Farming unions say they are astonished after the Welsh government published draft regulations for an all-Wales nitrate vulnerable zone (NVZ) while the country is gripped by the coronavirus epidemic.
The Welsh government says making the whole of Wales an NVZ is necessary under the EU Nitrates Directive to protect watercourses following several pollution incidents caused by slurry spreading.
Welsh rural affairs secretary Lesley Griffiths said she is “minded to introduce the regulations once the crisis comes to an end”, as part of her Covid-19 response statement issued on 8 April.
Both NFU Cymru and the Farmers’ Union of Wales (FUW) have hit out at the timing of the announcement, warning that the plans would cost farmers hundreds of millions of pounds and increase their levels of stress and anxiety.
NFU Cymru president John Davies said: “An all-Wales NVZ is indiscriminate and punitive.
“It will affect every farmer, every sector and every area of Wales.
“Farmers will be subject to draconian record keeping, complex restrictions on the day-to-day running of their businesses and, for many, exorbitant costs at a time when farm business incomes do not support this level of investment and when the industry is going to need significant time to recover from Covid-19 impacts.”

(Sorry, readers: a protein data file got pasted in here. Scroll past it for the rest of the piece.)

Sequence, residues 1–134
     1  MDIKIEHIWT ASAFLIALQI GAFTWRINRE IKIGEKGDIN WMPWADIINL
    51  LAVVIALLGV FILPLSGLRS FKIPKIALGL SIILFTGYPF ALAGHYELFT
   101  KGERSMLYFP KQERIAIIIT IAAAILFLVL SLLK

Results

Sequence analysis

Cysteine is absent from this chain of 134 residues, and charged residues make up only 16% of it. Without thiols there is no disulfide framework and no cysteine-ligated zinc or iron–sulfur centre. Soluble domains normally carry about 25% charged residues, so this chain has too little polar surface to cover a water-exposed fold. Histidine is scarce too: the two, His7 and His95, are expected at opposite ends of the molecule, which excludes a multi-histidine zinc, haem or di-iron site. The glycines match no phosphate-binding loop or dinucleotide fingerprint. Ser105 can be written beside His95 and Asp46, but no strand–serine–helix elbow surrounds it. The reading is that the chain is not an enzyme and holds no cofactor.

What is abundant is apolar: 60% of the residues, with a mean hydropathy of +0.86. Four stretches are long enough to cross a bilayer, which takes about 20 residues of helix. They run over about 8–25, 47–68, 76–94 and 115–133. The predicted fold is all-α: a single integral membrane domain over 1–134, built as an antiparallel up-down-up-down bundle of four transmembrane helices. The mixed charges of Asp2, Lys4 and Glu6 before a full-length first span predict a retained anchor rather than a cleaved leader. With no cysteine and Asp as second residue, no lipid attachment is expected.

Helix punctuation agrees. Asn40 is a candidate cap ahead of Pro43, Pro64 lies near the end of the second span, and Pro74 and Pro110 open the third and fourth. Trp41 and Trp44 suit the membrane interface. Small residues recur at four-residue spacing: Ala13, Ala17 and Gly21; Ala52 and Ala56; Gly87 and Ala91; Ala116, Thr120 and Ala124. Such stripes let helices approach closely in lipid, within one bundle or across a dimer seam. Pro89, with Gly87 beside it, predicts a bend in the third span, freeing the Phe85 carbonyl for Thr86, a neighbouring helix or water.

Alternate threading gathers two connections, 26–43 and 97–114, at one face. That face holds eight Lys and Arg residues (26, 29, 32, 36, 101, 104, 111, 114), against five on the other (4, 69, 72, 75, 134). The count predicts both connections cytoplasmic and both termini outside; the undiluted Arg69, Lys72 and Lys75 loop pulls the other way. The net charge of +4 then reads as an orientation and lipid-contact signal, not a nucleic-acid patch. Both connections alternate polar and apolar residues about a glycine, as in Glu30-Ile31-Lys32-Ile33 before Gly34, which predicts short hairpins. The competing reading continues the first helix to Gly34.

NFU Cymru is advocating a voluntary approach to NVZs and it wants the Welsh government to develop a framework that enables farmers to take action to improve water where needed.
It accepts that a regulatory backstop may be needed, but “must be evidence based, proportionate to the risk” and targeted to areas where water quality improvements are needed.
FUW said the Welsh government appeared to have ignored the advice of official government advisers Natural Resources Wales (NRW), which has warned that a regulatory approach could have the perverse outcome of making pollution worse.
“The draft legislation, if introduced, would designate the whole of Wales as an NVZ, an area more than 40 times bigger than the current Welsh NVZ area, and 11 times bigger than what was recommended by NRW,” said FUW president Glyn Roberts.
He added: “Given the severe warnings by NRW and expected crippling costs for Wales’ farming industry that would run into hundreds of millions at a time of extreme uncertainty due to coronavirus and Brexit, this issue warrants a comprehensive assessment.”